A study of large large apartment complexes in Watertown found that nearly 40 percent off-street parking spots remain empty, even during peak parking times.
The Perfect Fit Parking study conducted by the Metropolitan Area Planning Council (MAPC) looked a several communities in the Boston area. In 17 multi-family residential complexes in Watertown, 62 percent of the spaces were full. The Watertown complexes had 1.45 parking spaces per unit, and 0.99 spaces were utilized, according to the study’s summary.
The study comes at a good time, Watertown Assistant City Manager Steve Magoon said in the MAPC’s announcement (read it below), with the draft Comprehensive Plan update recommending the the City review its parking requirements for new developments. He added that the information will help make sure that projects do not have too much or too little parking.
The MAPC’s study has four recommendations, including changing from parking minimums for a project to parking maximums, reducing the ratios of parking spaces per unit, unbundling parking spaces from unit rental prices, and exploring opportunities for shared parking options.
The study found that four complexes in Watertown had 80 percent or more of its parking used: 24 Arsenal, Bell Watertown, Elan Union Market, and The AVER. The highest percent utilized was The AVER, at 92 percent.
Four facilities had less than half the parking used: 1060 Belmont, Brigham House, The Beacon, and The Coolidge School. The lowest was Brigham House, which had 28 percent of its spaces occupied. The building is a senior living facility. The Coolidge School is an age 55+ building. Each of these buildings or complexes have less than one space per unit.
The study also looked at how walkable the area is around the complex or building. “Walks Score” measures the walkability of any address using a patented system. See more details here. A score of 90 or above is “a walker’s paradise,” according to the Walk Score website, and 70-89 is “very walkable.”
Three facilities made the top category: 24 Arsenal, The Beacon, and Watertown Square Apartments. Only two, Bell Watertown and Brigham House, fell below “very walkable.” Brigham House was rated “somewhat walkable” and Bell Watertown dropped to the fourth highest category, “car dependent.”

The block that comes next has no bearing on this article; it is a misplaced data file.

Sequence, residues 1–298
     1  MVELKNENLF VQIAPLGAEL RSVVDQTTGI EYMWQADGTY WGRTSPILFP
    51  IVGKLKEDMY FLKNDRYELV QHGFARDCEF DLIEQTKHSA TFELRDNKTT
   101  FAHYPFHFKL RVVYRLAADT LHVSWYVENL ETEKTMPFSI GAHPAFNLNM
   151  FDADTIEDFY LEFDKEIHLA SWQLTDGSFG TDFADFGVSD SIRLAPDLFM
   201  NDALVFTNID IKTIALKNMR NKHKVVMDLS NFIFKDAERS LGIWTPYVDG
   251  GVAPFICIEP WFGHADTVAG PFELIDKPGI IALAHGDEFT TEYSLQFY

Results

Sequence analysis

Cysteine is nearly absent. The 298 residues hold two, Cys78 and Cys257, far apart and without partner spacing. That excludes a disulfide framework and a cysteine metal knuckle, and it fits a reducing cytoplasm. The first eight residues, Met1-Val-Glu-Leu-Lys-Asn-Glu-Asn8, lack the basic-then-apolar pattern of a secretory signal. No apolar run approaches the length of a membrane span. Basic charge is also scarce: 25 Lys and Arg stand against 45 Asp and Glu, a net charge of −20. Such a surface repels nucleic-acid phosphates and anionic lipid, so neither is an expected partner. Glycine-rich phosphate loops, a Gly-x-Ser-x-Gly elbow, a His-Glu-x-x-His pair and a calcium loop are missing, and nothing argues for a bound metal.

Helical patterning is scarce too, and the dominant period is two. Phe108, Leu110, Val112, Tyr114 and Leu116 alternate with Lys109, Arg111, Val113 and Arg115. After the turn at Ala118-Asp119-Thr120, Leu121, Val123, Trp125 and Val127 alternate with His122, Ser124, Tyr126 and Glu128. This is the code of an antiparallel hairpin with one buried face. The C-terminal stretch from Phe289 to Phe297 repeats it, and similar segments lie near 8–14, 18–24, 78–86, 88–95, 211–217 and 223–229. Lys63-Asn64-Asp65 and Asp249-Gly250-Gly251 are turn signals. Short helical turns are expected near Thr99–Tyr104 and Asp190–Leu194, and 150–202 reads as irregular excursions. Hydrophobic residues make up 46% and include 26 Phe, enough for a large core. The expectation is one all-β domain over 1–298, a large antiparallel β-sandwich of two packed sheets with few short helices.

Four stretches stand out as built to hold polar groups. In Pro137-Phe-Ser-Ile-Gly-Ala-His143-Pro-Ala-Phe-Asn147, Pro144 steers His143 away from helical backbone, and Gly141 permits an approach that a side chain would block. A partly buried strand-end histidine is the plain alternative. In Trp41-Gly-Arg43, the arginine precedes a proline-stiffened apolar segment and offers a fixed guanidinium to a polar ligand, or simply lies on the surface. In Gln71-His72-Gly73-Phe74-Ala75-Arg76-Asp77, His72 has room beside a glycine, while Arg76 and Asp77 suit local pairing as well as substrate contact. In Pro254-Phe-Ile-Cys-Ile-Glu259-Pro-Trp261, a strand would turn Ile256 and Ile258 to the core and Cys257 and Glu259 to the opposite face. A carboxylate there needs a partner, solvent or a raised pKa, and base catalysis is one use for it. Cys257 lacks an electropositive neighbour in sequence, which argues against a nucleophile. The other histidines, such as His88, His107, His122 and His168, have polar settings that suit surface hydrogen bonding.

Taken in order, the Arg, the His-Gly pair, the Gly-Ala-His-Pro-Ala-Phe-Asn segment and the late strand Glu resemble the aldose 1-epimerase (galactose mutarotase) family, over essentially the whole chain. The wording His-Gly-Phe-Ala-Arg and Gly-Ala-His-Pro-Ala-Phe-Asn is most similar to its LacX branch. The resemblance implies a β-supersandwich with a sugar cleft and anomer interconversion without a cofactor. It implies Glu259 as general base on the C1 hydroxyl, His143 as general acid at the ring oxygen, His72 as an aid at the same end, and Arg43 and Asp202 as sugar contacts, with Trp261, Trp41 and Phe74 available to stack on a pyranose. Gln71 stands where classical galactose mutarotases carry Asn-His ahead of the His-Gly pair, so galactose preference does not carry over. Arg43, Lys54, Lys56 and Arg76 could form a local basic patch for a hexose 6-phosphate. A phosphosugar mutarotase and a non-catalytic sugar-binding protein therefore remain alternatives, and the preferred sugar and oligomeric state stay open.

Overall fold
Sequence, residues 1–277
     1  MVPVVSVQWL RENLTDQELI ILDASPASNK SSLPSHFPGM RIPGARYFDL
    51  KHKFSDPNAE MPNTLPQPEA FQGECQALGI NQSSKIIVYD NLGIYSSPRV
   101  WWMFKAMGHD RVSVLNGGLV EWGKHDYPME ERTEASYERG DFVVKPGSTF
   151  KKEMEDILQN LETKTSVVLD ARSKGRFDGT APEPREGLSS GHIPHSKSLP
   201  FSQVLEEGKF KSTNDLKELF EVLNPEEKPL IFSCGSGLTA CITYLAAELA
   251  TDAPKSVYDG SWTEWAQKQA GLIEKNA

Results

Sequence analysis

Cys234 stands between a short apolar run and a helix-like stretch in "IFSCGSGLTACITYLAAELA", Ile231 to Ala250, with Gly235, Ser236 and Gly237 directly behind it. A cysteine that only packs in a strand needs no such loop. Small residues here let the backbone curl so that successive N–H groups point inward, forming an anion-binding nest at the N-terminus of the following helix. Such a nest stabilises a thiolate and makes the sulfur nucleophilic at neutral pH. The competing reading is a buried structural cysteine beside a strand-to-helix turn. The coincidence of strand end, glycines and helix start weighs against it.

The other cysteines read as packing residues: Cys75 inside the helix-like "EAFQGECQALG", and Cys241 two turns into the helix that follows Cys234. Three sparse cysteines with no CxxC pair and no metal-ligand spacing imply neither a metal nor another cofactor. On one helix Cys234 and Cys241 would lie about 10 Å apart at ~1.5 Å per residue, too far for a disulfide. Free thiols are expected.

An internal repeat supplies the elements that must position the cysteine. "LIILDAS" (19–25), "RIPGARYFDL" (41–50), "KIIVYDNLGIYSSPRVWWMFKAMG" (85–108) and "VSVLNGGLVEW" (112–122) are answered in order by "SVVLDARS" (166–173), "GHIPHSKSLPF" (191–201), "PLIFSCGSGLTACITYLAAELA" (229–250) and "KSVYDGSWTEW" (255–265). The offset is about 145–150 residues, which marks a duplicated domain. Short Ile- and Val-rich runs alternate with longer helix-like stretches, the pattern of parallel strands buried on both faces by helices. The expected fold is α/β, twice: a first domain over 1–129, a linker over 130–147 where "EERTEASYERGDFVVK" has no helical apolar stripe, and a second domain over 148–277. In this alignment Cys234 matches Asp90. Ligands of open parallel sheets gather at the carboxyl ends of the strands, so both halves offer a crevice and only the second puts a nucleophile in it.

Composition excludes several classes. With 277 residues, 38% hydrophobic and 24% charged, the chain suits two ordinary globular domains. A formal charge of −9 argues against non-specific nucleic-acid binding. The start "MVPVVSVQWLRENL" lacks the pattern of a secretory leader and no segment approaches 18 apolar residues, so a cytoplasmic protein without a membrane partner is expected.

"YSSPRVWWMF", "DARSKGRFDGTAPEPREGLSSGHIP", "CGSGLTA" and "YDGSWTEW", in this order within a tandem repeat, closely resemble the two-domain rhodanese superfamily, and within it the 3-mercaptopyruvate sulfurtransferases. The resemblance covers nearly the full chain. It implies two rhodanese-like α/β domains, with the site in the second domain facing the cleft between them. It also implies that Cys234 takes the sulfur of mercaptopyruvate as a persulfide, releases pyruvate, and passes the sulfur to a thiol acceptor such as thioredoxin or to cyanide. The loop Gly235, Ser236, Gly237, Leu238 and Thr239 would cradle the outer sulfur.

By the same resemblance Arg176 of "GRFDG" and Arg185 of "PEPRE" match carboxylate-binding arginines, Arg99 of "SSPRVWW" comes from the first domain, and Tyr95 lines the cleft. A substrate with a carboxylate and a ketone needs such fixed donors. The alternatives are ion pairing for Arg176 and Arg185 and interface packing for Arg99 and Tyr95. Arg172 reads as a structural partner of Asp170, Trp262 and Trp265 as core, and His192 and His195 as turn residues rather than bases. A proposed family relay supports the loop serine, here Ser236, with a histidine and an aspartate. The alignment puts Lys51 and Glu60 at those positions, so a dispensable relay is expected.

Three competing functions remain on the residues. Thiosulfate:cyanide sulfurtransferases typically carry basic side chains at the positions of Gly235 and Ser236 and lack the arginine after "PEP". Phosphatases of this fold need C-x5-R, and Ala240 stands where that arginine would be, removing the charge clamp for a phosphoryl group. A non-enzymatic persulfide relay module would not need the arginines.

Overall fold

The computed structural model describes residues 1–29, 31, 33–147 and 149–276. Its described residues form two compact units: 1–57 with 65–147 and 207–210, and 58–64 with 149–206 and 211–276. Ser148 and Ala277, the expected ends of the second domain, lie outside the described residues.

Parking Usage at Watertown Multi-unit Complexes
Site Street Units Parking demand per unit % Utlization % Affordable Units Vacant Units Walks Score 1060 Belmont Belmont 18 0.26 36 50 0 74 24 Arsenal Arsenal 14 1.07 83 0 0 93 Bell Watertown Woodview 139 1.32 80 10 4 49 Blvd & Bond Arsenal Yards 257 1.08 71 15 53 75 Brigham House Mt. Auburn 20 0.15 28 68 0 69 Charlesbank Pleasant 44 0.89 72 4 0 86 Elan Union Market Arsenal 246 1.03 81 12 6 86 Gables Arsenal 266 1.39 76 10 13 83 Repton Condominiums Repton 151 1.21 61 0 0 73 Riverbank lofts Condominiums Pleasant 56 1.31 63 5 0 79 Riverpark Lofts Howard 66 1.09 67 10 3 84 THE AVER Pleasant 21 1.27 92 19 0 74 The Beacon N. Beacon 24 0.54 38 14 0 91 The Coolidge School Arlington 23 0.76 47 39 1 88 Watermills Pleasant 84 1.08 60 15 33 74 Watertown Mews Repton 174 1.48 61 16 14 73 Watertown Square Apartments Watertown 126 1.18 68 6 3 93
The MAPC sent out the following announcement on July 17:
New Research Supports Regional Trend: Supply of Off-Street Residential Parking Outweighs the Demand
The Metropolitan Area Planning Council (MAPC) has expanded its Perfect Fit Parking research to include municipalities west of Boston, adding another contribution to an increasingly robust dataset that highlights how most communities have built more residential off-street parking than is needed or utilized. These results will inform how municipalities can sustainably update their zoning in response to the state’s Multi-Family Zoning Requirement for MBTA communities.